'Bunty, how is that hapless young man, Lord Yaxley?' Mrs McCarthy asked anxiously. 'Did he like my sandwiches?'
'Oh, Bertie is keeping well And he said that he likes both,' Bunty smiled broadly. Mrs McCarthy nodded satisfied.
'That bloody chump, Malory!' Sid said angrily. 'Snatching the first man who was at the crime scène, as always!' Father Brown nodded quietly. 'Our Inspector Malory is rash as usually.'
'Well, as Bertie obviously didn't steal the necklace, who was it then?' Bunty asked briskly.
'Well, first, Bunty, who was in the house then?' Father Brown asked.
'Well, me, Monty, Auntie Felicia, Bertie, that bloody Rackstraw girl And the servants,' Bunty answered instantly.
'That Isabelle Rackstraw, what can you tell me about her?' Father Brown asked.
'One of those loud dog girls,' Bunty shrugged her shoulders. 'Came to Montague Hall some days ago, told Aunt Felicia she was a cousin of hers from South Africa, And installed herself firmly in our household. Lurks everywhere, surrounded by her pack of dogs, annoys everybody.'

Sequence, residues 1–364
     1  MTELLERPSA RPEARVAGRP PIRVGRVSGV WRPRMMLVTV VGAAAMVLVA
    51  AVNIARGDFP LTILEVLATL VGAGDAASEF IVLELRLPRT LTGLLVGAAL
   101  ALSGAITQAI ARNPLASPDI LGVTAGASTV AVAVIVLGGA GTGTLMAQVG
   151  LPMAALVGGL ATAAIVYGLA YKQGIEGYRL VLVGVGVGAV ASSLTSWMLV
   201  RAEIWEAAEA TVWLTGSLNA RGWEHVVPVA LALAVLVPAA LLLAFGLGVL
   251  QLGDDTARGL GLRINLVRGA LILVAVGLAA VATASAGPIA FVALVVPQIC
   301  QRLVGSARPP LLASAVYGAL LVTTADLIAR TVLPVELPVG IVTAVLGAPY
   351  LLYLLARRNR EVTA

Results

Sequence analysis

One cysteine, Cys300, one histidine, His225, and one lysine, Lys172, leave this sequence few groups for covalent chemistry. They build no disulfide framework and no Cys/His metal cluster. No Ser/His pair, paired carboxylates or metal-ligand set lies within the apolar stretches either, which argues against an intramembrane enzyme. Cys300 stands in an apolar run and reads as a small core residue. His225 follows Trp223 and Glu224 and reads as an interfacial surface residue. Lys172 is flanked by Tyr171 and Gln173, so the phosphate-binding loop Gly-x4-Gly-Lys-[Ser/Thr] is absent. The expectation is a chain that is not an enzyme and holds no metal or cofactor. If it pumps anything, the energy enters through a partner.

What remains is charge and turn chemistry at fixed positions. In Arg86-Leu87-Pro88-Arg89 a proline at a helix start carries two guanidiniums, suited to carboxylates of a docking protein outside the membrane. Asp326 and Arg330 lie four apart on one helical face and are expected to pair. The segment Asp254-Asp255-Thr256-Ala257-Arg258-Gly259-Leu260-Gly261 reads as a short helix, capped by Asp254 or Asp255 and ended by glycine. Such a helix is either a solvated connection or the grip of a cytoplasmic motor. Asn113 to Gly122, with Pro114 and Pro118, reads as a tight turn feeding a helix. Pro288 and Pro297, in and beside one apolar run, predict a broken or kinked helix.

Father Brown nodded.
'Bunty, could you ask servants where exactly Miss Rackstraw was the last evening?'
'Of course, Father,' Bunty nodded eagerly.
'Sid, could you slip unnoticed into Miss Rackstraw's room And search it?' Father Brown asked.
'Sure, Father,' Sid smiled broadly.
Bunty And Sid left the presbytery.
Jeeves was waiting for them outside, he looked expectantly at them.
'Father Brown sent me to ask servants where Rackstraw was yesterday evening And Sid to search her room,' Bunty reported. Jeeves nodded. 'May I go with you?'
'Oh, of course, Jeeves,' Bunty smiled broadly. Sid Just nodded.
Jeeves followed them noiselessly.